University of North Carolina students are adorable. It’s almost as if they believe they actually understand the complexities of energy policy and production in an industrialized nation that is in the midst of a severe economic downturn.
Students at the press conference called for administrators to respond to the referendum vote by allowing the Beyond Coal campaign to make a presentation at the Board of Trustees meeting in March.
Alanna Davis, representative of UNC’s chapter of the N.C. Student Power Union, spoke at the event.
She emphasized the need for demanding greater responsibility in managing the endowment, as well as the need for changing the current power structure to give students a stronger voice.
Davis urged administrators to see that divesting from coal is imperative to the future success of the University and the world.
“Leave your flawed neoliberal ideology behind — break up with the coal industry,” she said. “Join us in creating a brighter, healthier future for all.”
It’s also cute how they string words together imagining that their little political pronouncements might be mistaken for meaningful insight.
File this under “disdain.”
I know that this is a little out of its moment, but I just wanted to note that is is strange to me that some people find this remarkable woman “scary.” Her resume and her achievements in life are nothing short of remarkable; she is a woman who should be celebrated.
I’ve heard that the Obama camp is calling for Romney to repudiate the release of the 2007 video of candidate Obama. This is a strange thing for Obama’s folks to be doing since it would be hard to claim that the video is anything other than what it is: candidate Obama working hard to capitalize on racial divisions and suspicions. Why should Romney repudiate the video release?
If Obama feels that his own words were wrong or that he struck the wrong tone, then it is he who should apologize and explain. If he stands by those words, then he should stand by the video, proudly, and welcome the additional sunlight.
Me, I don’t think it tells me anything I didn’t already know about the man and I absolutely hate the focus on race. But this is a recent video and it does change the way people should consider the President’s relationship with Reverend Wright (and, maybe, wonder a bit at just how willing he was to throw the man under the bus when he became a political liability). It’s fair game to release and discuss– certainly more so than the strange focus on Sarah Palin’s kids or Todd Palin’s pre-wedding DUI.
So, in all of this, what is it that Romney has to apologize for or repudiate? Not a thing.
That said, I’m sympathetic with Althouse’s view over on Instapundit. The racialist tones (including those coming from our president in the video– a notable reason that I refuse to support the man) aren’t where I want Republicans to invest their energy. I want to paint a positive, intelligent view for our future.
In politics, though, that’s a pretty rare way to win an election.
In my industry, there is a show that pops up once every four years. It probably takes that much time to organize the damned thing properly– it is that big and that important. For us, it is an absolutely huge event since we provide a service that pretty much every exhibitor to the show could conceivably use. Our investment in time and energy for the thing is immense.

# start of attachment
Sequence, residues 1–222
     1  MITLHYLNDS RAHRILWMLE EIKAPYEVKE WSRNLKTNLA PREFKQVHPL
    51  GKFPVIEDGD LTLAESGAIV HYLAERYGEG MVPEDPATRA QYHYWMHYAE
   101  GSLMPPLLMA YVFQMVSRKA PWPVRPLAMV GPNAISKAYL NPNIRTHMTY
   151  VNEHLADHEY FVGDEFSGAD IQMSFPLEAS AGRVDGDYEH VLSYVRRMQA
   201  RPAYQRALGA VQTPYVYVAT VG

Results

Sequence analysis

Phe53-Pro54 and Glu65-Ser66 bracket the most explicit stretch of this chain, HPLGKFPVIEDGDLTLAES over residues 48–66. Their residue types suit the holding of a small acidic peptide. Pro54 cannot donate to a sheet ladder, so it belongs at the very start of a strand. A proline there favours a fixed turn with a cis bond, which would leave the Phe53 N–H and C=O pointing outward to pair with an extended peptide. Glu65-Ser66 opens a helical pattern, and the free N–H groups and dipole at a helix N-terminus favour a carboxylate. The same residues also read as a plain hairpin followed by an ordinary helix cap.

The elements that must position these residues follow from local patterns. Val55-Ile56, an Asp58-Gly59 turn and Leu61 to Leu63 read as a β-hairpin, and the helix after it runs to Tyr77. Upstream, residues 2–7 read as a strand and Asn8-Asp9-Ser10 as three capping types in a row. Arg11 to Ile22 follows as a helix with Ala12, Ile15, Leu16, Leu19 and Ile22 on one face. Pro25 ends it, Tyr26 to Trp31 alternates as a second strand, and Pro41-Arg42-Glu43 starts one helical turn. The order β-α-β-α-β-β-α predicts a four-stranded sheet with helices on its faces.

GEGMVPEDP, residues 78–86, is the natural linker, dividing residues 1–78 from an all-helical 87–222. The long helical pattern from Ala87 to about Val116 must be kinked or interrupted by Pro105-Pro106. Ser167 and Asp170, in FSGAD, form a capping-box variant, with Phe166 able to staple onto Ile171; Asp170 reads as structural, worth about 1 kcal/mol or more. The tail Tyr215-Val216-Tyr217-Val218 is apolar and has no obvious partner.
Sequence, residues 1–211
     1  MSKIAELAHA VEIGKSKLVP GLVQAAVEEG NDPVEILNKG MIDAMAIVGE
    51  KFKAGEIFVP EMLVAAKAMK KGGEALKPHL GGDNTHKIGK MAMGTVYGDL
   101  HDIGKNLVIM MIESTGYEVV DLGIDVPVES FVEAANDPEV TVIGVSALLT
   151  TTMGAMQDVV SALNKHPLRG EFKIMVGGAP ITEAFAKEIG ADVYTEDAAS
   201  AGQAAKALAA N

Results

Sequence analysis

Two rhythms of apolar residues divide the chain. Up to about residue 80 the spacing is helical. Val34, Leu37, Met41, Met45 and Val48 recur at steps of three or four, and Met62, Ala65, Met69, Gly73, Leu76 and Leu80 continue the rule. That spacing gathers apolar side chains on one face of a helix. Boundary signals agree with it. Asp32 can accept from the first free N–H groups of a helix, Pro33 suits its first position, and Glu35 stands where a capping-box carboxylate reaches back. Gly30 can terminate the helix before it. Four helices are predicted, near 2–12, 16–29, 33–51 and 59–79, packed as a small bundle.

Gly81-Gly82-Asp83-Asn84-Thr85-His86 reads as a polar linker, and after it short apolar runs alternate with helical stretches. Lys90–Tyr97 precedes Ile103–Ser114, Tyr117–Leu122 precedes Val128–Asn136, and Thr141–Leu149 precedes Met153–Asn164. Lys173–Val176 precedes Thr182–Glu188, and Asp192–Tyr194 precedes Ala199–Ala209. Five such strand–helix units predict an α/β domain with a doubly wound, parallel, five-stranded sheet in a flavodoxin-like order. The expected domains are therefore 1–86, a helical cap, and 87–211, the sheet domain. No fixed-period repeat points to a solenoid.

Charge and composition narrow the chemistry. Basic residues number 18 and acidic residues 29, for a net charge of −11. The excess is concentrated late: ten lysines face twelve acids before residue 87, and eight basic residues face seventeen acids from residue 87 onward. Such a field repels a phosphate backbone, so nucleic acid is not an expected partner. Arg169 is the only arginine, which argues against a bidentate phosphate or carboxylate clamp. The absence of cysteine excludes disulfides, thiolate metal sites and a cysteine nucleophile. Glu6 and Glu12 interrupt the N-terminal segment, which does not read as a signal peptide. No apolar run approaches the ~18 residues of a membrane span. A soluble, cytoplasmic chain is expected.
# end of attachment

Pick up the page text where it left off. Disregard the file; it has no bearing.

For me, that means a lot of extra work since a good chunk of the preparation falls on my shoulders. I am involved in the planning and execution at almost every level.
Point being: the show starts next week and is the reason for my current near-silence. I will post some pics from the event next week, but no serious commentary will be returning for at least a few more weeks. Just in time for me to be heading off on my vacation, in fact…
From Kori Schake at Foreign Policy’s web site:
President Obama said last night that “the path we offer may be harder, but it leads to a better place.” That is risibly inaccurate on national security issues — this administration has done the exact opposite: It has taken the easy path that leads to a worse place.
Of course, the meat of it follows that intro and I find it compelling. A good summation of some of the reasons that I will be voting for Mr. Romney this year.
Click through and read:
Jay reminds us of an important point: The great achievement of the Reagan economy wasn’t that the rich got a lot richer (though they did, and good for them!) but that the poor got a lot richer, too. As Treasury figures from the era document, the vast majority (nearly 85 percent) of those who were poor in 1979 (meaning they resided in the lowest income quintile) were in a higher quintile by 1988; even more impressive, two-thirds of them had moved up two quintiles or more. And most impressive of all: Of the people who were in the lowest income quintile in 1979, more had moved to the top quintile by 1988 than remained in the bottom quintile. Which is to say, if you were on the bottom in 1981, you were statistically more likely to be on the top by 1988 than to remain at the bottom.
There is more and it acts as a good reminder of why we on the right continue to fight for our vision of America.
I watch the video below and I suppose I should be grateful that even Axelrod can’t bring himself to bring forth the lie that Americans under President Obama’s term in office are somehow better off than they were four years ago. Even he isn’t willing to say “yes” when asked a blunt question– although the dance he does to avoid answering is a little funny. But I’m not grateful because it still comes packaged by a guy who insists that this President has somehow created jobs.